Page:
SCOTUS Lets Trump’s ‘Muslim Ban’ Go Into Effect

By Kenrya Rankin Dec 05, 2017

The Supreme Court granted the Trump administration’s request to enforce the latest version of the president’s “Muslim ban,” which restricts entry to the United States for nationals of eight countries, six of which are mostly Muslim.

The order is currently facing legal challenges in Hawaii and Maryland, where federal judges blocked the ban from going into effect in October. But yesterday’s (December 4) SCOTUS decision allows the federal government to lock out most citizens of Chad, Iran, Libya, North Korea, Syria, Somalia and Yemen, plus some government officials and their families from Venezuela.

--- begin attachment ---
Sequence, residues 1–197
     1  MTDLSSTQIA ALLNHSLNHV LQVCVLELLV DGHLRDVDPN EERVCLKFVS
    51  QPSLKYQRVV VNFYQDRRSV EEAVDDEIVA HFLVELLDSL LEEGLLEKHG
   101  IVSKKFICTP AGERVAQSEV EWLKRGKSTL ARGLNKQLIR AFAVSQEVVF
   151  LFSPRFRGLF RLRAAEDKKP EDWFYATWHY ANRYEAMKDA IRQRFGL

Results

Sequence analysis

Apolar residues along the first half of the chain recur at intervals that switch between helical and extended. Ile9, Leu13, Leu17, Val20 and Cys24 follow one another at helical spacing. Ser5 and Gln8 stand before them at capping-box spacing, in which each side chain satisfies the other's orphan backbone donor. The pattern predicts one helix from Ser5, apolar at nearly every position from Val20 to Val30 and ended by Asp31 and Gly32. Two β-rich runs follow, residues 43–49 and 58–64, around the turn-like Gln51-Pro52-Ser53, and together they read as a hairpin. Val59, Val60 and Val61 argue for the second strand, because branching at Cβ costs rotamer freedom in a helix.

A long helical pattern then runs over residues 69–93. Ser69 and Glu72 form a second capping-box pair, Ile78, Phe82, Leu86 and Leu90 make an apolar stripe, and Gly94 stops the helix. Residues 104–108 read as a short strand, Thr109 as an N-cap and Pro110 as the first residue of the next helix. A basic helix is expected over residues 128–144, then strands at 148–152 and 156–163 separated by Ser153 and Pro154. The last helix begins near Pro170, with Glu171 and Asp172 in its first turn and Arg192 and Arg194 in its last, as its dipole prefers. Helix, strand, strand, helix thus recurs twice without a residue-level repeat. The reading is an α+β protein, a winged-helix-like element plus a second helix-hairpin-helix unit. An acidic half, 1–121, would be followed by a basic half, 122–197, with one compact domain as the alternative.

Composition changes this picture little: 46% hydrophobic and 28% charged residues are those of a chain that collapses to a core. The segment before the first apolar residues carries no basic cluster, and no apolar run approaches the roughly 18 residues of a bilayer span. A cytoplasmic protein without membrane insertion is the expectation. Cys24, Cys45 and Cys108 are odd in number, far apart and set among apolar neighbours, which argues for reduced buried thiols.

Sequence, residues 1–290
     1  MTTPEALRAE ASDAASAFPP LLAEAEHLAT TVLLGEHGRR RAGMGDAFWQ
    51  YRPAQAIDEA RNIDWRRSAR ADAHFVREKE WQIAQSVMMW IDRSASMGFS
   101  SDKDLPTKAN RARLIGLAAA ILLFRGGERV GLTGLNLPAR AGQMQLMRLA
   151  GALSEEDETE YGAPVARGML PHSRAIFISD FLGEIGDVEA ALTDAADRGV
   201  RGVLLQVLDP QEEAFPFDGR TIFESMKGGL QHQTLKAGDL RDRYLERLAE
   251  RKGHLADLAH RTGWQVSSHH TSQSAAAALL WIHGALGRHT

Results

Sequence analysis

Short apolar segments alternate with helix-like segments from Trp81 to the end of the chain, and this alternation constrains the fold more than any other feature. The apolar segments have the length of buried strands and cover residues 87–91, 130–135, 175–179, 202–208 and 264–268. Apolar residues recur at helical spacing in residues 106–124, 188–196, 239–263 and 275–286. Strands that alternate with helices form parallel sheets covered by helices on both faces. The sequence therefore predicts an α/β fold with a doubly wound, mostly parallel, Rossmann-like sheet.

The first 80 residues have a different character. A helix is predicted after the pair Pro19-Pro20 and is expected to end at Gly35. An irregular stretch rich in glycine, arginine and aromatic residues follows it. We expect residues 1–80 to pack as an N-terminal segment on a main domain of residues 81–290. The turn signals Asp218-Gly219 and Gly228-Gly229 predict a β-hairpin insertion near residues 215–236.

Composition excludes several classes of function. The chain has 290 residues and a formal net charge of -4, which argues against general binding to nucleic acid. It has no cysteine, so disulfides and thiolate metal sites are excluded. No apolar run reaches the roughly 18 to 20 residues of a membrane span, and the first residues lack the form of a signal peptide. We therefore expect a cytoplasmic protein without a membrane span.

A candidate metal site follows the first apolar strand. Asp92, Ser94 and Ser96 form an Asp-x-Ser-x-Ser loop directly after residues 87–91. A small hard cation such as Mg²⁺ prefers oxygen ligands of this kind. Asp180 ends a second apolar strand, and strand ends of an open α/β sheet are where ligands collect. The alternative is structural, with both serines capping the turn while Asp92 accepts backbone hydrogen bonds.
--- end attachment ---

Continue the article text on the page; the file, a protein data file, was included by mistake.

The Court issued two unsigned orders that stay the judges’ decisions, allowing the travel ban to proceed while the cases wind through the lower courts. There is no explanation of the decision, but both orders include the following line: “Justice Ginsburg and Justice Sotomayor would deny the application.”

Attorney General Jeff Sessions told press that the order was “a substantial victory for the safety and security of the American people,” per The New York Times. But immigrant advocates and Twitter users of color did not share that sentiment.